The father of a Wigan road racer killed in a four-bike crash says his family is clinging to the thought that he died doing what he loved.
Jamie Hodson was fatally injured in the accident which also involved younger brother Rob at the Ulster Grand Prix in August 2017.
A Belfast inquest heard the Bryn 35-year-old struck a telephone pole after coming off his bike at up to 120mph. It caused a fracture to the base of his skull which resulted in a brain stem bleed, leading to cardiac arrest.
Ruling Jamie died as a result of a severe injuries, coroner Joe McCrisken said no motorsport can ever be completely safe.
The inquest heard the race was into the third lap when tragedy struck. Jamie’s dad Jim, himself a successful racer, said he was in the pit lane when he heard of a collision.
“You hope for the best when you hear there’s been an accident,” he said.
“I didn’t see anything from where I was but knew the race had been stopped. It was about 20 minutes later when I was told both Jamie and Rob were involved.
“The next hour was a living nightmare. When Rob came back he could hardly walk. He told me Jamie didn’t look good.”
Jamie was rushed to hospital. “I was met there by police and after Rob arrived for X-rays we knew things weren’t good for Jamie,” Jim said.
“He only had about half an hour left. It was hugely traumatic.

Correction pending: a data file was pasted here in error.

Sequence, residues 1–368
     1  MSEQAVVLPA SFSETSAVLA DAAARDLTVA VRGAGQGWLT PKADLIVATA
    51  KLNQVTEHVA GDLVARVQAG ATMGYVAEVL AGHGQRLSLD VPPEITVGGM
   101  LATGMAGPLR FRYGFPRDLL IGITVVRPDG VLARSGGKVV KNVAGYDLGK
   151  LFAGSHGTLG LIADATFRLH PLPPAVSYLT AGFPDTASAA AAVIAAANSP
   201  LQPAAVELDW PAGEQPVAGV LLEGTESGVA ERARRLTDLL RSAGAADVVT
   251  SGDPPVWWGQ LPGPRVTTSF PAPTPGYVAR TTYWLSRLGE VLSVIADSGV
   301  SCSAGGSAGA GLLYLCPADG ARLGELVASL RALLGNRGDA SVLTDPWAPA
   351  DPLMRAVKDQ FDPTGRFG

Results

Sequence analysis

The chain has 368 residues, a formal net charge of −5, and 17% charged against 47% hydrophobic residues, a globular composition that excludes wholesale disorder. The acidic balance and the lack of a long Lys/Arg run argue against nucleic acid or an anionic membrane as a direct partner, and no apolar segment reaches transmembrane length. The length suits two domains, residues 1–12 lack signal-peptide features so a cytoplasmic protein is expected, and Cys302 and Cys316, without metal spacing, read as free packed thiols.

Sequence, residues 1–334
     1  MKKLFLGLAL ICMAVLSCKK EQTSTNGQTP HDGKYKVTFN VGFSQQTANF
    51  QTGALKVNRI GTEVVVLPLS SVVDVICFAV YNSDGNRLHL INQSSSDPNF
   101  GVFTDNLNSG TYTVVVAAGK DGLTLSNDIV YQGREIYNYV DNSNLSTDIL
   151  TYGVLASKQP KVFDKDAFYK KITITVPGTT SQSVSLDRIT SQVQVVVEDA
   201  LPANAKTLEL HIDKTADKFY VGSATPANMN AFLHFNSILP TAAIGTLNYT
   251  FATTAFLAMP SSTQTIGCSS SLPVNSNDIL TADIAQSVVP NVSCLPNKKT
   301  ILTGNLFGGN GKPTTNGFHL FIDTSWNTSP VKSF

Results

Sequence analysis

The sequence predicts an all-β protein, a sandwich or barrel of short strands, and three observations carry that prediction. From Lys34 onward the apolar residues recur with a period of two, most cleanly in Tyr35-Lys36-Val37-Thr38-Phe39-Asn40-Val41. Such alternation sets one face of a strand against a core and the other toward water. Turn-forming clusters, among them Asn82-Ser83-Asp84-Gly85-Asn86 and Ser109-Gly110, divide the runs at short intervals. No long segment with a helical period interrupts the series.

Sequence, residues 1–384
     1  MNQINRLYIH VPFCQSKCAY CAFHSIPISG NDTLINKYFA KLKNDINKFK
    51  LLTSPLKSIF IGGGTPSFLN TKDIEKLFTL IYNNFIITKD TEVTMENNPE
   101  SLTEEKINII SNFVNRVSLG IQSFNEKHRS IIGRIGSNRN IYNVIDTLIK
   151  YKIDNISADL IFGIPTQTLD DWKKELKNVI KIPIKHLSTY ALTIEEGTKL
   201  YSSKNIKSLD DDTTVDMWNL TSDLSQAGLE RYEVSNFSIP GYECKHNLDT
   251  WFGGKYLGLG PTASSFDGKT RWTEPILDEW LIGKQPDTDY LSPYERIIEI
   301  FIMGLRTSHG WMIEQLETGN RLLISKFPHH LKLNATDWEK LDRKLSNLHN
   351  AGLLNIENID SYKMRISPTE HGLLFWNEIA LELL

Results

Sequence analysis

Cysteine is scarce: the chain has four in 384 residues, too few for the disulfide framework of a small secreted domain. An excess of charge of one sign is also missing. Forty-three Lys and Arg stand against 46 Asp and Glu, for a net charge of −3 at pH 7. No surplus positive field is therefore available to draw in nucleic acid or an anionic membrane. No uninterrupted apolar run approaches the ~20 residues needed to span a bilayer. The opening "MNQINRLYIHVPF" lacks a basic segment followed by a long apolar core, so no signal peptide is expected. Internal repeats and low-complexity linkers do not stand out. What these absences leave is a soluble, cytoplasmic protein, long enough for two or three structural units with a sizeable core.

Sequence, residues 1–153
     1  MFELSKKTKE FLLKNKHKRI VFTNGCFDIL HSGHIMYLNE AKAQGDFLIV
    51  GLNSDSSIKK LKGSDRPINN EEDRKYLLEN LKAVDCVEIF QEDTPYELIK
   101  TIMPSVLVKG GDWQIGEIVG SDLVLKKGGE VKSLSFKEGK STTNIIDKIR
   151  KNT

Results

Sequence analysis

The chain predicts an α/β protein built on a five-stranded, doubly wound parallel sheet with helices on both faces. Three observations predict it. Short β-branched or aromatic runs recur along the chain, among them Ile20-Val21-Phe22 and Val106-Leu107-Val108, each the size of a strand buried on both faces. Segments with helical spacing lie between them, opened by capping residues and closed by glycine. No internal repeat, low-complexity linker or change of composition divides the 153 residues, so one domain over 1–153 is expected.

“I’ve loved motorbikes all my life and sometimes you wish your children hadn’t followed in your footsteps, that they’d found their own passions in life, but motorbikes were their passion too.
“The one thing to hold on to is that Jamie died doing what he loved. He wouldn’t have wanted to do anything differently.”
Rob, 31, said the past 18 months had been difficult.
“It’s all still very raw, particularly for my mum (Carole),” he said.
“We’re still trying to get over what happened as a family and it will always be with us.
“Jamie was excited to get racing and had flown back from holiday in Cyprus with his girlfriend straight to Belfast to compete.
“We’d had a really good morning in practice. We were both feeling good.
“It happened in five or six seconds. That’s all it took from everything being fine to everything going wrong. But that’s racing. I slid out wide on the corner and I think I hit a lump of soil on the grass verge.”
That sent Rob off his bike, his Yamaha 600 Supersport machine sliding across the road into the path of three more racers following closely behind at the tricky Joey’s Windmill section.
Rob said: “The aftermath was terrible. Jamie took the force of the injury. I could see he wasn’t moving and they had put up a sheet to cover the scene.”
Rob returned to racing in the Isle of Man last summer after recovering from his injuries.
Pathologist Dr Chris Johnson determined that the head injury was ultimately what cost Jamie his life, although other injuries would also have been life-threatening.
Mr McCrisken said he was satisfied that all appropriate safety measures had been taken by race organisers.